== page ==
Still, the eliminations stand out as the highlight. The format ups the tension (and in-house drama at times), while the interaction with judges/creators Mike and Jerry is a comedic and insightful treat. Strip Search flips around the often boring “judge tribunal selection” and has the winner of the main challenge select the 2 people to be potentially eliminated. Those 2 contestants must then battle it out in a high-stakes, high-stress elimination challenge right in front of Mike and Jerry. They have 90 minutes to create an original comic from 2 randomly selected topics, a very small amount of time. Frankly, it is nothing short of incredible to see what the artists can produce in such a constrained situation. Mike and Jerry also provide some color commentary and friendly (along with not so friendly) ribbing along the way. The PA crew really doesn’t pull any punches, and it is appreciated.
This honesty is a decidedly unique element to Strip Search. The show is still young and the budget is limited, but by not cutting out the hard decisions and anger, the viewer is able to see the process unfold from every angle and every level, from contestant to producer. Though I would love to see some really crazy challenges like sending the contestants on an Alaskan cruise and then helicoptering them out into the mountains to cook for the guys training for the Iditarod… authenticity can make up for a small budget. Sometimes all that flash is unneeded. Of course, I wouldn’t rule out a few grand surprises.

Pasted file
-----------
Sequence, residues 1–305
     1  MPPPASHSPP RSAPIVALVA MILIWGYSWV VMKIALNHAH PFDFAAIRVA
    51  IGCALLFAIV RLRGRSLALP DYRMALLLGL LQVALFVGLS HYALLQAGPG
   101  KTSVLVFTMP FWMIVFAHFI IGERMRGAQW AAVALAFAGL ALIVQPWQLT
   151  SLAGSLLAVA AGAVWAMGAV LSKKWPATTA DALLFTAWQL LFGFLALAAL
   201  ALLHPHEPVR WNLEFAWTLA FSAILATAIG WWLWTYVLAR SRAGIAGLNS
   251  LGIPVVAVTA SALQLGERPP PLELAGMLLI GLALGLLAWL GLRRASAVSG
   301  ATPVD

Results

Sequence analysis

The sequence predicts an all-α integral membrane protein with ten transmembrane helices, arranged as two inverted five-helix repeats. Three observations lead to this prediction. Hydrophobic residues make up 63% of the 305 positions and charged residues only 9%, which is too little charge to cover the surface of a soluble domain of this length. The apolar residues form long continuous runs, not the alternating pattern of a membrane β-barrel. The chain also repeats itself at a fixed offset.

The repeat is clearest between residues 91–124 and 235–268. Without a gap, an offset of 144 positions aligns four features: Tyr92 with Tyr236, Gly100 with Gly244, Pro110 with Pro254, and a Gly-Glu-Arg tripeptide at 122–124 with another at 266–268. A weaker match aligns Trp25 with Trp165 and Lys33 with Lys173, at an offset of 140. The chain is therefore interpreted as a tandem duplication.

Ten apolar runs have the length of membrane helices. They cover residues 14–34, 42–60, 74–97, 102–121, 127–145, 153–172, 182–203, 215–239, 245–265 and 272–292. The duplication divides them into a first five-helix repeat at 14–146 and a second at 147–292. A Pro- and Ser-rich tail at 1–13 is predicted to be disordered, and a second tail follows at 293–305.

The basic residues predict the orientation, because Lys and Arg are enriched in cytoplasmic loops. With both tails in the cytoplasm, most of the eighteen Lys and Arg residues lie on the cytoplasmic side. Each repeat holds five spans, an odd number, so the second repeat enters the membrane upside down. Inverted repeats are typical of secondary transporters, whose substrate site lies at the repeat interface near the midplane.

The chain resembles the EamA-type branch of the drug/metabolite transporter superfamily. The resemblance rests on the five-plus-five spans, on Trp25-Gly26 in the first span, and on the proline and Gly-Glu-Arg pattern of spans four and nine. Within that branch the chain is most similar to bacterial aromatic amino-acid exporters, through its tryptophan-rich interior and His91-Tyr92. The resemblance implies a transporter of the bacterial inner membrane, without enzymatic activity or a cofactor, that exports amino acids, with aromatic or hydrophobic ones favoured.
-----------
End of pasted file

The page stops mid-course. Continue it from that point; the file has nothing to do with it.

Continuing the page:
There is a lot going on that you can’t see in any other reality TV show, especially since everyone involved has an online presence. TV shows might have an online presence, but they are nowhere even close to Strip Search. Some of the contestants post in the Penny-Arcade forums and talk about the show with fans directly, the creators are always posting their thoughts on each episode on Penny-Arcade (which generates millions of views daily), and everyone is hyper-active on Twitter. The contestants were also quite vocal at PAX East. This type of interaction with the community adds to all of the great publicity the artists are getting. In some ways, they all win.
There are definitely roadbumps and hiccups along the way, but it doesn’t detract from the experience. Even though Penny-Arcade is steering the ship, which allowed them to adjust very quickly during the filming, you can’t always get everything right on your first try. The show starts off slowly, but once it gets into the swing of things it really gets much better. The many moments of initial awkwardness slowly evaporate as everyone becomes a bit more comfortable and familiar with the format of the show (the crew included).
If you are a fan of comics, art, or Penny-Arcade, it is basically a must-see. If you aren’t, I invite you to give it a chance because it isn’t just for artists. At its core, Strip Search is showcasing an industry that needs more exposure. Plenty of things that don’t deserve air-time or exposure are mindlessly being watched. The passion is genuine, even if that sincerity can take a little while to warm our icy hearts. Ultimately, I found it exceptionally easy to get into Strip Search, and it doesn’t hurt that the show is improving each episode. Episodes are only averaging around 50,000 hits on YouTube. The show needs more interested viewers to stir things up and get the word out. If you are skeptical, give Strip Search the benefit of the doubt and check it out. You won’t be disappointed.
Strip Search is available on Tuesdays and Fridays at http://www.penny-arcade.com/strip-search and also on their YouTube channel, pennyarcadeTV.